A meeting between Prime Minister's Office Director-General Eyal Gabai, Finance Ministry officials, and the Israel Medical Association over the continuing doctors' strike ended in stalemate Tuesday. The meeting had been called in an attempt to reach an agreement that would end the prolonged strike.
Meanwhile, medical residents on Wednesday announced their own strike of indefinite length and continued to protest around the country against the terms being proposed for an agreement to end the doctors' strike.
On Tuesday, doctors entered the second day of their protest march to Jerusalem, led by Israel Medical Association Chairman Dr. Leonid Eidelman, who began a hunger strike on Monday. During their march, doctors were told that Gabai was inviting them to meet him and Finance Ministry officials.
"We are going there out of the positive desire to move things forward," Israel Medical Association Deputy Chairman Dr. Yitzhak Ziv-Ner said before the meeting. But after the meeting ended, medical union officials looked disappointed. "The meeting contributed nothing to solving the crisis," Dr. Eidelman said. "There was no progress and no attempt to solve the problem. The gaps remain as wide as ever, and on some issues we even regressed."
"We initiated the meeting with the Prime Minister's Office and doctors to spare them the effort of marching. The meeting uncovered the gaps between the sides, which are widening," Finance Ministry Wages Director Ilan Levin said after the meeting. Levin said that Prime Minister and Health Minister Benjamin Netanyahu was engaged in the issues and wholeheartedly backed the Finance Ministry's Budget Department in its handling of the negotiations. "The argument is not about 100 positions more or less," Levin said. "They expect us to add a much larger number of personnel, a number that boggles the mind. We cannot breech the budget."
At a press conference on Tuesday on housing, Netanyahu addressed the medical crisis as well. "Our agreement with the doctors has collapsed," he said. "I will get regular updates about the crisis and make the best possible decision as to how to move forward."
"We tried to accommodate the doctors. We offered solutions and made significant concessions. If they are interested, we can forge an agreement," Finance Minister Yuval Steinitz said. Deputy Health Minister Yakov Litzman was critical of the residents. "I am willing to mediate between the sides if they ask me to, but I won't go down with a sinking ship," Litzman said to Israel Hayom. "I made sure that in the new agreement, the residents would work less, and they didn't even bother to thank me for that."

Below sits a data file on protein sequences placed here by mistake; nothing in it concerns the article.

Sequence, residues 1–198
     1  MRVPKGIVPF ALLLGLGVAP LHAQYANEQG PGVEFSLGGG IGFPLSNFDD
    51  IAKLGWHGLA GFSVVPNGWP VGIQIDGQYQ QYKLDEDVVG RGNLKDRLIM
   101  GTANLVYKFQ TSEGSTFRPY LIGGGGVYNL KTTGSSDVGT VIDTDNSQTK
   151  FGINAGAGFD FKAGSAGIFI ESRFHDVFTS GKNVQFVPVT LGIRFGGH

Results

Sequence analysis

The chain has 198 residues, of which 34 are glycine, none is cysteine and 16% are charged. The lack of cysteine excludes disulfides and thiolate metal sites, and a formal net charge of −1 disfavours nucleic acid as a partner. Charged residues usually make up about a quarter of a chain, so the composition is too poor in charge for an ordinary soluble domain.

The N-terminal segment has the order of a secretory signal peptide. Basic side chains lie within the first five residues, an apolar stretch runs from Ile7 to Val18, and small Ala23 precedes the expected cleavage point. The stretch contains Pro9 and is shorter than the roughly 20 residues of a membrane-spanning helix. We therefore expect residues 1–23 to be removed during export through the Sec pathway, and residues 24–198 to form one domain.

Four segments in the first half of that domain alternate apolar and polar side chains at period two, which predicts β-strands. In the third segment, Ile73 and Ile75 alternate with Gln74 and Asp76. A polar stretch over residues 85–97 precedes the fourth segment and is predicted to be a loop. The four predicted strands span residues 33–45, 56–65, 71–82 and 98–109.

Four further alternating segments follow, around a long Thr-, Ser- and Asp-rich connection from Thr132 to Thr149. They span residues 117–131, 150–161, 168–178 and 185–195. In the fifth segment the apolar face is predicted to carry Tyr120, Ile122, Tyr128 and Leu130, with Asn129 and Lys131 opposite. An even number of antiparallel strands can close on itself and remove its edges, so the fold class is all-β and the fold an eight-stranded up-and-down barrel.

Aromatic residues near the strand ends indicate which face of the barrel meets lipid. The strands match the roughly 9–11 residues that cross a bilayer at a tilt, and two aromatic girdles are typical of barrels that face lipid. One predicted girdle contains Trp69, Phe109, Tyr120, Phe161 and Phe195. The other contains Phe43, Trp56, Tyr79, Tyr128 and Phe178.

In the early hours of Tuesday morning, medical residents gathered at the Tel Hashomer, Beilinson, Assaf Harofeh, Meir, Hadassah, Wolfson, and Kaplan medical centers and signed letters of resignation, which they have placed in trust for now. "We are threatening to resign unless our basic demands for reforms, as well as better salary and work conditions, are met," Dr. Daniel Lanzberg, a resident in the fields of gynecology and baby delivery at Sheba Medical Center said. "We support the medical association's fight for our rights, with the aim of arriving at an agreement that will solve difficult issues. However, we will not accept a cosmetic agreement."
Meanwhile, a number of doctors from various hospitals took to the streets in protest. Doctors from the Wolfson hospital in Holon blocked streets and hoisted signs that read, "I am starting a 26-hour shift now," and, "I earn 23 shekels an hour." City residents demonstrated their support for the doctors, some by applauding as they passed while others joined their march.
Doctors and residents employed at the Meir Medical Center in Kfar Saba and the Barzilai Medical Center in Ashkelon also took to the streets. In Ashkelon, their protests generated severe traffic jams. "We have been silent for too many years now, despite the constant erosion and decline in our work conditions. We will continue this struggle until we get some positive results," said one protesting doctor.
The medical association has decided that hospitals and surgery rooms will operate as usual Wednesday. However, outpatient clinics, institutes offering special procedures, and day treatment centers will not receive patients. On Thursday, surgery staff will join the strike, performing only oncological and other life-saving operations.